It’s been said that parenting is the toughest job in the world. Wrong! It’s the second toughest. Step parenting wins hands down. A step mom is rarely welcomed with love and joy. It must be most difficult to rebuild a family in the wake of so much hurt, confusion, and resentment.
What exactly is a stepmom? Can she step into my mom’s shoes? Can she step on my rights? Can I step on her dignity? The Filipino word madrasta connotes the very wickedness of the wicked stepmother in all the fairy tales. So that doesn’t help her with a loving image at all. There must be a reason why stepmothers are always wicked in fairy tales. She is almost always welcomed into the family with suspicion and jealousy. The children blame her for breaking up the family (or at least, killing any chances that dad and mom will eventually get back together). Note that in the fairy tales (my favorite is Hansel and Gretel), the children are always the good ones, the underdogs. (Hooray!)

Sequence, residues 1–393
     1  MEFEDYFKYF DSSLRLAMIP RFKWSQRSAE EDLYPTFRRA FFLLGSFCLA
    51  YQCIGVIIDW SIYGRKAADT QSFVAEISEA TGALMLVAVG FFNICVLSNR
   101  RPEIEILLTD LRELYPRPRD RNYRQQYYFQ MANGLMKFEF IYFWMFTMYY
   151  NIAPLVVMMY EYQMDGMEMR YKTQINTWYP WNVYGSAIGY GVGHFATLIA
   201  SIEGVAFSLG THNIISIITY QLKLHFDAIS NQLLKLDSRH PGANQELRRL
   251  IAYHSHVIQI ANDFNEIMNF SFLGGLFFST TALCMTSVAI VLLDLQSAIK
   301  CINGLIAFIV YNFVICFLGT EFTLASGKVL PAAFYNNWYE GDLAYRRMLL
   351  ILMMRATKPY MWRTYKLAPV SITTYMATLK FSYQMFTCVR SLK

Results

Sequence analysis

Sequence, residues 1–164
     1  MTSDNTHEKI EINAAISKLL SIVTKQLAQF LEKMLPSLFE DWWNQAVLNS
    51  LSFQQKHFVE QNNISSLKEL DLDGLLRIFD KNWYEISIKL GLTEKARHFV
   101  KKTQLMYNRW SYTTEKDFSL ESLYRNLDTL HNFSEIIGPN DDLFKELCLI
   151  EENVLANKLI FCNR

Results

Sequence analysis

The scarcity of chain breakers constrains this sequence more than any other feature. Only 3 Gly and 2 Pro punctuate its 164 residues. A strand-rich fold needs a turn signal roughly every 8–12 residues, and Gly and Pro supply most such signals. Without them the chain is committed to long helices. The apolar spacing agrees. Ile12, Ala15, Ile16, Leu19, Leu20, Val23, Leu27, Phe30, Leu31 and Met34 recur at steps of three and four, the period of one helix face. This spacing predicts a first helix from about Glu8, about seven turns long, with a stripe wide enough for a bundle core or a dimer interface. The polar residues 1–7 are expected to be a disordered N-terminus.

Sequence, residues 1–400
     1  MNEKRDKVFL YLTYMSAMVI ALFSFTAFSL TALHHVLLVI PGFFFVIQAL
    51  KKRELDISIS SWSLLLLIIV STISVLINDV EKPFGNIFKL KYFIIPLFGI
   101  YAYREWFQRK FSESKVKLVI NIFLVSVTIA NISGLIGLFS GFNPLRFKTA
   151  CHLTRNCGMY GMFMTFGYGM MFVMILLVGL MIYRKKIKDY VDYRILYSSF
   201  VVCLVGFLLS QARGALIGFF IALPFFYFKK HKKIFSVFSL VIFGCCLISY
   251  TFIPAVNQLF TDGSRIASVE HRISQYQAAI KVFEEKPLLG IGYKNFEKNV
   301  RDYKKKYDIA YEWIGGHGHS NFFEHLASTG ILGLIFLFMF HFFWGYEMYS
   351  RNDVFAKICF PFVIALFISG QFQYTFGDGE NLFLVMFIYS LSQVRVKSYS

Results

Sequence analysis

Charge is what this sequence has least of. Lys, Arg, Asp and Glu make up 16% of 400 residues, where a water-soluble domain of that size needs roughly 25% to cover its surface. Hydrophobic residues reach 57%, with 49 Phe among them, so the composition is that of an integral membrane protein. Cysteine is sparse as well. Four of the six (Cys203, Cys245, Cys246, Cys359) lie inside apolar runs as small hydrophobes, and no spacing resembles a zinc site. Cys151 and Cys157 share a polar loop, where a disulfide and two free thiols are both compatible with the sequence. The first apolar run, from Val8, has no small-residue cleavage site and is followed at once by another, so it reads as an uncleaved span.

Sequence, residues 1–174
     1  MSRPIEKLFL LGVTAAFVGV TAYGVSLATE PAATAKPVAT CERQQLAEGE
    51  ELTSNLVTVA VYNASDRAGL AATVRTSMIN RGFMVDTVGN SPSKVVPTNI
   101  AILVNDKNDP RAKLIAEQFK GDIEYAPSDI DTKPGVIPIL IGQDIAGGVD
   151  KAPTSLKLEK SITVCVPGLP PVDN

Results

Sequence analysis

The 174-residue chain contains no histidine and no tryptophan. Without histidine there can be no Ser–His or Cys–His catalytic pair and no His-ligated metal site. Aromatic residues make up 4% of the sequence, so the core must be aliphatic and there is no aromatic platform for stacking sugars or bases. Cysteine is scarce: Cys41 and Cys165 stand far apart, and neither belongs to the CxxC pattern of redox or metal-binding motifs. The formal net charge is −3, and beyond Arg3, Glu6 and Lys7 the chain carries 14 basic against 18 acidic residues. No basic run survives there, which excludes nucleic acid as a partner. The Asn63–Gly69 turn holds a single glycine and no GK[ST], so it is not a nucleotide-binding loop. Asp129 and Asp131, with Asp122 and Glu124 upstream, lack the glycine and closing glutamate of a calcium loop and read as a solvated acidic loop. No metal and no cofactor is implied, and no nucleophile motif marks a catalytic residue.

A stepmom is your father’s second wife – that’s all. She is not your mother, she will never be. She should not even try to be because that’s where all the trouble starts. If dad and stepmom can respect that, it may be much easier on the kids. Your mother (wherever she may be) is your mother – the only one. Whoa to the dads who say “From now on, she will be your mother…” He just set off into a bad start.
I referred to my dad’s second wife as, well, that: “my dad’s second wife,” whenever people called her my stepmom. And I was diligent in correcting the terminology because there is a big difference. Many will find that disrespectful. But I am only truthful. Many step kids grimace when they call their dad’s second wife “my step mom.” It’s just too overwhelming a term, like tectonic plates shifting inside you. “Mom” is such a big word. You don’t bestow it to anyone. The mom should be scrapped from the step. I called mine tita.
I gave her a hard time during their marriage. That’s because I was the only daughter, I was confused, hurt – and I was still hopelessly rooting for my mom then. Unfortunately, (and I am really sad) my dad’s marriage to her did not work out. Ironically, though, my tita and I have become friends. And most surprising is that she and my mom have become real close friends.